"We love living here," said Willis. "Our lives are grounded here and it is exciting to see the growth. We need to add to the tax base and we’ve worked to get it where it is now. A group of us banded together and went to Austin to plead our case. Squeaky wheels do get the oil."

Willis went on to describe some of the improvements made on the Peninsula and especially the effort to help control and prevent beach erosion. "In 1998, we actually had some houses falling into the water. The erosion and protection efforts have paid off. Properties have been restored and erosion has been controlled. The Gulf is beautiful and if a person loves water, then this is paradise."

Willis also points to new multi-million dollar projects under construction, along with the new modern school being built for the children.

"We have The Biscayne and now Laguna Harbor. These are big investments of money being spent on Bolivar and they are attracting new residents who want to live here year-round," she said. "Normally, Bolivar boasts about 5,000 fulltime residents, but when spring and summer arrive, so do about 15,000 more people. The population swells to over 20,000."

Popular festivals draw visitors to the Peninsula and the next one scheduled is the 20th Anniversary Texas Crab Festival, May 6-8.

This year the committee is planning on 60 food and craft booths, a great crab cook-off, carnival, petting zoo, rock climbing wall, clowns, Weiner dog races and the famous crab race itself.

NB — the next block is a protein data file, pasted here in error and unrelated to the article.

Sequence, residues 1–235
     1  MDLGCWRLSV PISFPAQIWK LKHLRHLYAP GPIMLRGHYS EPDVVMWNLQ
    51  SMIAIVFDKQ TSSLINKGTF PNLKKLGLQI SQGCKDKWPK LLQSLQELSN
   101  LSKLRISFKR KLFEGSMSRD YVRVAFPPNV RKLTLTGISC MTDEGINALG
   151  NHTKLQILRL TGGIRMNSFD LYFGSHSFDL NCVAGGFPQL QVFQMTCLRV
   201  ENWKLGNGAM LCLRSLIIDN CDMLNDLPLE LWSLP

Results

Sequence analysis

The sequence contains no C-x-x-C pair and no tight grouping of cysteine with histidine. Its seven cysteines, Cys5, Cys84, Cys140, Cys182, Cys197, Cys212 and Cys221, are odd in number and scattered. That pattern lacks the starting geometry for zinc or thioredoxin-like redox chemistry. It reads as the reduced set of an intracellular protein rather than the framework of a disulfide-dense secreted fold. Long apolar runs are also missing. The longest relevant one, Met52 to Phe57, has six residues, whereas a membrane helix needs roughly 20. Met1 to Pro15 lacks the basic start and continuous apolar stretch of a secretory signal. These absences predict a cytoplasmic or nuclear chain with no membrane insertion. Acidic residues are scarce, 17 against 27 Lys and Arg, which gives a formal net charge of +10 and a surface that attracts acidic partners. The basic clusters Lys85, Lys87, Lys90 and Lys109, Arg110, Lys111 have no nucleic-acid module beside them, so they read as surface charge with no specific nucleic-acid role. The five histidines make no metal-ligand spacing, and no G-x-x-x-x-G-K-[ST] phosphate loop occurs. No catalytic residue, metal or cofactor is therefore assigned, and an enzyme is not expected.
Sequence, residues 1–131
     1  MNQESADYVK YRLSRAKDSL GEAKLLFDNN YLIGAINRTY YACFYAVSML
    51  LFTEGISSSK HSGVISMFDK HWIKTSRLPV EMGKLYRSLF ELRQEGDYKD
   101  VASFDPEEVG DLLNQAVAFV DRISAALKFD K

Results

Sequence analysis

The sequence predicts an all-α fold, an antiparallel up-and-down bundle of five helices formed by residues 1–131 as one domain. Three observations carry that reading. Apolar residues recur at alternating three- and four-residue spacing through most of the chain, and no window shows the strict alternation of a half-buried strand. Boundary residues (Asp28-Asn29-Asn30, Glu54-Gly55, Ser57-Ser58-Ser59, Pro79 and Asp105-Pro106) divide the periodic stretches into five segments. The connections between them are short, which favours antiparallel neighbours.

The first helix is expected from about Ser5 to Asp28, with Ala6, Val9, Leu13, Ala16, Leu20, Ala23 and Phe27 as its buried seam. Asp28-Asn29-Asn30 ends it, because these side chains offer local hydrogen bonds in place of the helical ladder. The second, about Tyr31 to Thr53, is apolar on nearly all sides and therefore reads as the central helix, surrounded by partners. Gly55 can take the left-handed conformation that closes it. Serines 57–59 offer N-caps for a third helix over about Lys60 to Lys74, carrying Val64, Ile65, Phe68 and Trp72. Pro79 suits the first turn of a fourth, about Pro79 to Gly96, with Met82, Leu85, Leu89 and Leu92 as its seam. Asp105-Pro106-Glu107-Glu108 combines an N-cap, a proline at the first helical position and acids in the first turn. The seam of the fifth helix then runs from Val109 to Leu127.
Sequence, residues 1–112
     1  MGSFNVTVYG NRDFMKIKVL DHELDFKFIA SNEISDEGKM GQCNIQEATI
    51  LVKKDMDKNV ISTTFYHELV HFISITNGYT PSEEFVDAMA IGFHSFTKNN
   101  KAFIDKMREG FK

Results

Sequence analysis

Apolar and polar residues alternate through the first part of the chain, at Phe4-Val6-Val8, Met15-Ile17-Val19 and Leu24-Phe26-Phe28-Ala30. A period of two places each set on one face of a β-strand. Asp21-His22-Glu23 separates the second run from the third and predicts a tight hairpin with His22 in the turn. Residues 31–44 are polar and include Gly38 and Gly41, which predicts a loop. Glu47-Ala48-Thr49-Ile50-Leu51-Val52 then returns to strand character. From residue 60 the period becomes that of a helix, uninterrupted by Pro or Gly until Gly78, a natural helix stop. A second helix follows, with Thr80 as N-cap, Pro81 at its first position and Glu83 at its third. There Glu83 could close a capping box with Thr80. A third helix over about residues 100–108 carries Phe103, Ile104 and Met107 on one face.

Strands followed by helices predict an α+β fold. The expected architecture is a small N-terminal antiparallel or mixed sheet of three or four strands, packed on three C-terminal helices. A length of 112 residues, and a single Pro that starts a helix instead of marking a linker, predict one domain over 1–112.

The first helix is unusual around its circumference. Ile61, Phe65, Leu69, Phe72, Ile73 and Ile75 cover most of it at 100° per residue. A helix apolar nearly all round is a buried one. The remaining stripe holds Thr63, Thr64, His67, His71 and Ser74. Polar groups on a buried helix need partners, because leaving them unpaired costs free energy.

"There will also be the 'Mr. and Mrs. Crab Legs Contest,' a Mother's Day surprise and a talent show and entertainment all three days," said Willis.

For additional information about the 20th Anniversary Crab Festival, call 409-684-5940 or log on to the www.BolivarChamber.ORG website.

Attracting vacationers and year-round residents are the beauties of the Gulf itself. From fishing to shelling, swimming to sunbathing, the beach and the surf beckon all ages. Bolivar Beach Flats, located just East of the ferry landing provide a wide, flat expanse of beach that has very little surf and shallow water, making it an ideal experience for small children or families to play.

Shell collecting is a highlight of any visit and Bolivar offers a wide variety. Channeled whelk, moon snail, Mitchell's Wentletrap, the olive shell, purple Janthina, baby's ear, sand dollars, limpet, spiny cockle, sundial, tulip, worm shell, whelk, rock shell, angel wing, slipper shell, sea beans, spimla, pen shell, augers and scallop shells are found in abundance.

The 200 yards of the paved north jetty, leading to the granite rocks, make for great fishing and history buffs can explore Fort Travis Seashore Park for hours of history and excitement. The old Bolivar light is being restored and can be viewed in its different moods, depending on the time of the night or day and the weather pattern of the hour.

Times have changed since the wife of the first Bolivar lighthouse keeper wrote, "Life at the lighthouse is very lonely and friendless. There is very little visiting because travel is non-existent from the point to Galveston. We pass most of our time by reading books."

Reading a good book at the beach can still be done, but not because there isn't anything else to do. Bolivar Peninsula is filled with fun in the sun and pleasure in the waters of the Gulf of Mexico.

Brenda Cannon Stancil can be reached at 409-832-1400, ext. 227 or at Checkout their web page at The Examiner